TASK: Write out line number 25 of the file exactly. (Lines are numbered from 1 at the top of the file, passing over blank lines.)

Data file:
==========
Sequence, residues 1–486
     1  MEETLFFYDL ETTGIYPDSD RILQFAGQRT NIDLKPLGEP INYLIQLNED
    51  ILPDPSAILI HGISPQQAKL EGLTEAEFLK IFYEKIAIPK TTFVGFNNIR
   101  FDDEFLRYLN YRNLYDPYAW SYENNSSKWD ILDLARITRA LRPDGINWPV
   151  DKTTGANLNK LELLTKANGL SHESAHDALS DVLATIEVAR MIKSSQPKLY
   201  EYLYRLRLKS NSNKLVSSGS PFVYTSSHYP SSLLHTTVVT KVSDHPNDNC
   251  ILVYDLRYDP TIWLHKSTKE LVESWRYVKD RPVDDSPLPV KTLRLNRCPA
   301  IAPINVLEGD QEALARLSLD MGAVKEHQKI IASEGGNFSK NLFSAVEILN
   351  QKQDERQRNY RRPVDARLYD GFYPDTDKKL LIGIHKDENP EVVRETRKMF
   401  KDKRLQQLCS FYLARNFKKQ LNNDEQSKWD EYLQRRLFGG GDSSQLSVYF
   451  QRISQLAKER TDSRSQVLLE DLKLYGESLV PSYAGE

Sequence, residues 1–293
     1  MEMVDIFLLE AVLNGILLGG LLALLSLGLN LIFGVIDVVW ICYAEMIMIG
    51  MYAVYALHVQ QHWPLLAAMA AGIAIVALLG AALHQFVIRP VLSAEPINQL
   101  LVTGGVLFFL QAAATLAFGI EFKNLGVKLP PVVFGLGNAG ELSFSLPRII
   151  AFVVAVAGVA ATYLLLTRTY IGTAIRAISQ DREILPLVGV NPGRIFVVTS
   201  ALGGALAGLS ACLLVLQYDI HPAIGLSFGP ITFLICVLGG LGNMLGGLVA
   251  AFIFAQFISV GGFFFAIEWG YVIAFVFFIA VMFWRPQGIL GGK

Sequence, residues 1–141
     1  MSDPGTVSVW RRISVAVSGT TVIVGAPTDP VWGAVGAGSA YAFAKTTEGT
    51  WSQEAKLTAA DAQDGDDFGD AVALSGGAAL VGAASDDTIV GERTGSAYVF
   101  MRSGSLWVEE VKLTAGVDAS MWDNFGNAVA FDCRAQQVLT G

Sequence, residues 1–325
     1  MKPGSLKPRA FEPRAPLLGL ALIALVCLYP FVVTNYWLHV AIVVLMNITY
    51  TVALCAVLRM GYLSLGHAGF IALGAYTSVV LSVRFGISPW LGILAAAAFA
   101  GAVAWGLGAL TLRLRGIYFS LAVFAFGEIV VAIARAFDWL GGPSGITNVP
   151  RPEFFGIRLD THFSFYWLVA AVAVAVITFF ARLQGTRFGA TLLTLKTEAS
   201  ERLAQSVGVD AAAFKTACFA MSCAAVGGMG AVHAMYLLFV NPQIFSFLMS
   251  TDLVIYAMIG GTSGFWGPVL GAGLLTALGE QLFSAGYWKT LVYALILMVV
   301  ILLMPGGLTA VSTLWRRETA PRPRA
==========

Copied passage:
    51  TVALCAVLRM GYLSLGHAGF IALGAYTSVV LSVRFGISPW LGILAAAAFA